Pseudo raised some interesting points in his article, “The Hope That Fools Bring,” in the previous issue of Ars Heroica. I’d like to address some of Pseudo’s points and “hope” I can bring some light to the discussion.
We Might Be Giants
Pseudo began by talking about the rate of change in the world and the power of the Web. But how much of that power is real? Have we become gods, or even giants? I think we still have a way to go.
The Famous Adventurer noted in his assignment comments, “I wouldn’t overestimate the power of the Web. Yes, you can communicate something to a lot of people. But most of your target audience will never see it. Most of the people who read your words will remain unchanged by them. Perhaps affordable nanomachine factories that can be used by anyone will change the world in the way you describe, but the Web is just a glorified newspaper dominated by advertisements. This site could have been handled by mail 100 years ago. And how much real world change really happens from Facebook or Twitter posts?” I tend to agree with FA.
The Internet is a great medium for sharing information and ideas, but it is not really a great leap of technological invention. The real work is still being done by individuals and teams in laboratories, businesses, and occasionally garages. Advances in cellular biology, materials, and agriculture seem to me more important in the long run than the Internet. And yes, all of these fields are changing much more rapidly than 100 years ago. We deal with a lot of changes, but they don’t really change the fundamentals of living life. We work, we play, we eat, we sleep, we make love. The details change, but the fundamentals stay the same.
So, can an invention improve the world? I guess that depends on your definition of “the world,” but I’d have to say the answer is, “Yes.” The world as it matters to our selfish species is the environment in which we live. If inventions help us to live longer, feel better, accomplish more, or be happier, then I’d have to say they’ve improved the world. And we do live longer and accomplish more. Happier? Hard to say, but we certainly live more comfortably than the majority of people in the past. Why is the rate of invention and change accelerating? It’s because we’re “standing on the shoulders of giants” and using our advantages to create more new things faster.
End of the World
“The world is doomed, the individual can be saved,” says Pseudo. He’s at least half right – The world is doomed. The question is, “When?” Or perhaps, “How badly doomed is it?” Actually, the individuals will be gone even sooner – a lot sooner. There’s pretty much no question that someday our world will no longer be able to sustain life as we now know it. The long-term prognosis is grim. But what about the short term? What are we to make of our lives when, ultimately, they may have no meaning? After all, I doubt my name will be remembered 1,000 years from now, and certainly not in a million.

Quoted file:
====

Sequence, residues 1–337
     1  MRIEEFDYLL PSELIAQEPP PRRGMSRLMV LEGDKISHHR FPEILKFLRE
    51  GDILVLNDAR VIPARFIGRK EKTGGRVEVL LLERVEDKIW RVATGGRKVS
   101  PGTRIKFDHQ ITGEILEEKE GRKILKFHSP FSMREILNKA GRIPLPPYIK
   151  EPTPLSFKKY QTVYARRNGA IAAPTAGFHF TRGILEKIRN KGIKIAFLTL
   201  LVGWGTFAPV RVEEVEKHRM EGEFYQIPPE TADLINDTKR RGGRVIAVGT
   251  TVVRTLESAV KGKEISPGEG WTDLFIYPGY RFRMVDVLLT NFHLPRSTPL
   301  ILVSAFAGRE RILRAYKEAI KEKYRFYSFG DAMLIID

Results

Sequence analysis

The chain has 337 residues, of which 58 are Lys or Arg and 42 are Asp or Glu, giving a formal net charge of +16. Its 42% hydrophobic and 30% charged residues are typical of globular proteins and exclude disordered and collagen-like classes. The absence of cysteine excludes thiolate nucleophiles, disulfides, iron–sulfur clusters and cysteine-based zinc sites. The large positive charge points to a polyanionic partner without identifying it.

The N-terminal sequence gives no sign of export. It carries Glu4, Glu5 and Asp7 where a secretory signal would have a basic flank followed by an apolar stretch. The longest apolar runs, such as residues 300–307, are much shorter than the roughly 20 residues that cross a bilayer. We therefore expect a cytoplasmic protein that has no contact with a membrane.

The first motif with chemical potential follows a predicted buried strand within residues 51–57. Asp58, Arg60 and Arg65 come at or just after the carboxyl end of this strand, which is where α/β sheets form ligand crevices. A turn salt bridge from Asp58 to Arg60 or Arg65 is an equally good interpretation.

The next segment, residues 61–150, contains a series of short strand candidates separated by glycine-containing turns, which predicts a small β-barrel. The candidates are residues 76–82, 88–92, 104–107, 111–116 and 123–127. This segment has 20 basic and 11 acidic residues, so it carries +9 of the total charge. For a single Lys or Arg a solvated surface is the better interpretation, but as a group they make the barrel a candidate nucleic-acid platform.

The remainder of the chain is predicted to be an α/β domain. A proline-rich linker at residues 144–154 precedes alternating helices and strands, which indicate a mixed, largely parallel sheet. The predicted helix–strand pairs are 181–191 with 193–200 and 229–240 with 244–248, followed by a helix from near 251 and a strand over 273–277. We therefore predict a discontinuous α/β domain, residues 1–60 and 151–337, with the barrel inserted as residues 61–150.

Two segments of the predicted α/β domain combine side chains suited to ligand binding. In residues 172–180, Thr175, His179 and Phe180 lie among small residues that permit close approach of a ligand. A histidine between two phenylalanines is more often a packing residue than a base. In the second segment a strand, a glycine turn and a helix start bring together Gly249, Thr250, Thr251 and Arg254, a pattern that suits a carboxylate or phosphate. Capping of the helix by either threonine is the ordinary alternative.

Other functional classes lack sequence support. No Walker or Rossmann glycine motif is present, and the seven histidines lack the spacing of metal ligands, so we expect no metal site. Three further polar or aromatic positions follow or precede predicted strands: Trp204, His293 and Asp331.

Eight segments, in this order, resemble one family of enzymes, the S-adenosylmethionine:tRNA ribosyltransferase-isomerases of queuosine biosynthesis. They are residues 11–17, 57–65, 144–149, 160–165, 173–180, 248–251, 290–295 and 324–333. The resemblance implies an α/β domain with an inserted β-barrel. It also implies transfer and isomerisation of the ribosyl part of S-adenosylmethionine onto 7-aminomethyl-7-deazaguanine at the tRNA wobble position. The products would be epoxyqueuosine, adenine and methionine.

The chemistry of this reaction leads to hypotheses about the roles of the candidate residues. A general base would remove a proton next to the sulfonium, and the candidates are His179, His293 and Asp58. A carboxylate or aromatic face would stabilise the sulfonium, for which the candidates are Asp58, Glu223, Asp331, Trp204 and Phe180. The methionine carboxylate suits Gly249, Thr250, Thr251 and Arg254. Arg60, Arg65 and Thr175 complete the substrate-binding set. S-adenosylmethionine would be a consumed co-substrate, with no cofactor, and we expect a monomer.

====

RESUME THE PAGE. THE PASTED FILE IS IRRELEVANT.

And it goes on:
What was it Gandalf said in Fellowship of the Ring? “All we have to decide is what to do with the time that is given us.” We live in the here and now, with some branches reaching out into the near future, and little tendrils extending a bit farther. Most of our influence is limited to ourselves, the people around us, and a few others whom they may, in turn, influence. But does that make our lives, our actions, or our dreams meaningless? I think not.
“It is better to light a single candle than to curse the darkness.” – variously attributed. There are a lot of things wrong in the world, and it’s all eventually going to end, but that doesn’t mean we can’t live lives with meaning today. Pseudo points in that direction when he talks about the importance of the individual and how you can be a hero to one person at a time.
Hope and faith, when applied without action, are just excuses. That might be the sort of “hope that fools bring”. But when it is used to inspire us to accomplish challenging tasks, hope is a powerful force. We can look at a seemingly-insoluble problem such as poverty or pollution, and it’s easy to just give up. Or we can apply a little hope and ask, “What little piece of that problem can I solve?” then go and do it. These little hopes and small actions are the building blocks from which a better world can be made. It won’t happen overnight, and no one or few of us can do it by ourselves, but piece by piece, we build structures that may stand for a long time.
Foolish? Maybe. But it’s the sort of foolishness that gets things done, and that gives our lives purpose right here and right now. And that’s the only place and time where we can act.